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While South Africans may still be relatively in the dark over the release date of the updated Integrated Resource Plan (IRP) outlining the country’s future energy plans, experts agreed on the future of energy in South Africa will be very different

AUW 15MAfrican Utility Week connects with the industry leaders for the entire power, energy and water value chain. (Image source: African Utility Week)

Energy experts Ted Blom and Dr Grove Steyn, who serves on the presidential task team on Eskom, partook in a panel discussion at the African Utility Week and POWERGEN Africa conference and exhibition in Cape Town covering issues relating to the future of Eskom, the planned unbundling of the utility and energy in a future with climate change.

Blom said, “Eskom’s governance has collapsed. We don’t know who is running Eskom because it certainly does not look like it is the board. All it can be is a third force.”

“We simply do not know who is held responsible because it is not maintained properly and not run properly. So, in terms of Eskom of the future – it’s already dead in the morgue. All we are throwing money at is for more people to be corrupt,” he added.

Blom also called Eskom’s debt burden a “fallacy.” “They want you to pay this debt but 75 per cent of that debt is not due and that is why I have called for a forensic investigation.”

Blom said that corruption and mismanagement are well entrenched in Eskom. According to him, South Africans are made to believe the money (debt) is due to Eskom but more than three-quarters of this monies are due to corruption and mismanagement.

He noted that the Medupi Power plant as an example. In 2008, the quote for building Medupi was US$2.32bn, he said.

“A year ago, I went back to Eskom to verify that amount and today Medupi is running at US$11.96bn for a half-finished project. If that is not corruption and mismanagement, then I don’t know what is and I don’t understand why we have to pay for that,” Blom stated.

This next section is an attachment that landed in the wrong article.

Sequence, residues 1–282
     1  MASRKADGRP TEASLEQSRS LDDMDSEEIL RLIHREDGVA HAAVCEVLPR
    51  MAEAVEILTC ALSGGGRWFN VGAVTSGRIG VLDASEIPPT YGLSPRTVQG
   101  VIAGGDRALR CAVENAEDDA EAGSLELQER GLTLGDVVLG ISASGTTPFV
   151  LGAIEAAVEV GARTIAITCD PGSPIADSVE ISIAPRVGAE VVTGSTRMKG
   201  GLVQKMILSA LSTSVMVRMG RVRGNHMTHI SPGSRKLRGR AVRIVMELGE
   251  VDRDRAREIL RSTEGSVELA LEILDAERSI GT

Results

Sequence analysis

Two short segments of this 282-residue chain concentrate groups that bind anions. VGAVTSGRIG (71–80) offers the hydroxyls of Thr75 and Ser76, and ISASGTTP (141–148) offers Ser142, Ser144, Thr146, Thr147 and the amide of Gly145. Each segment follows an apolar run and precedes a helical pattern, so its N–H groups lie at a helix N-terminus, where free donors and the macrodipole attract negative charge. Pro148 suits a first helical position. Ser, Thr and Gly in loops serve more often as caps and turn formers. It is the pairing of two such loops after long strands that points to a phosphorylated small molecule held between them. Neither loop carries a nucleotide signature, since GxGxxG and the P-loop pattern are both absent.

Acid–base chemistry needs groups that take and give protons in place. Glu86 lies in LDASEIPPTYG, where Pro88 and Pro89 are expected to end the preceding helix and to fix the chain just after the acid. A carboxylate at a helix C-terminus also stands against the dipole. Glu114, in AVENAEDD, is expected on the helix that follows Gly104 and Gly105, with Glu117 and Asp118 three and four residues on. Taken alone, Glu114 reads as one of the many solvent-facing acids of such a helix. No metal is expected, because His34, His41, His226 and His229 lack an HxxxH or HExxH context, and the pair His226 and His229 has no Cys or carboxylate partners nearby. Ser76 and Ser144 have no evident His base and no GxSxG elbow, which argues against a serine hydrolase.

But for Steyn, the debt trap is very real. “Eskom is indeed in a debt trap. It is now being bailed out by government almost on a monthly basis and even the US$1.62bn allocated in the budget is not going to be enough to fill the gap and get Eskom out of the debt trap.

“So, it is quite serious, and it means we will have to start thinking outside the box and find a range of solutions to help ensure - given Eskom’s systemic role in the economy - we do not end up in a situation where we have a full on default on debt.”

Steyn also remarked on Eskom’s relevance in the future where the energy space is more competitive.

Steyn said that as the technological-economic paradigm changes, the cheapest power does not necessarily come from large coal-faced power plants but from smaller-scale renewable projects.

Steyn alluded to an Eskom with a changed business model. “Around the world, traditional large-scale utilities have been successful in changing their business models and becoming players in the renewable energy space but that is a radical change that will require drastic changes in Eskom. The parts of Eskom that run the grid and the distribution business, will, of course, continue to exist and will be very important for our future.”

Blom said that the IRP should be a basic exercise and be redone annually with no big surprises. “It’s a disgusting disaster. Our future relies on it. We need certainty and transparency and not attempts to hide behind the IRP to play to secret agendas of third forces. That is not acceptable,” he said.

The African Utility Week and POWERGEN Africa conference and exhibition ended on 16 May 2019.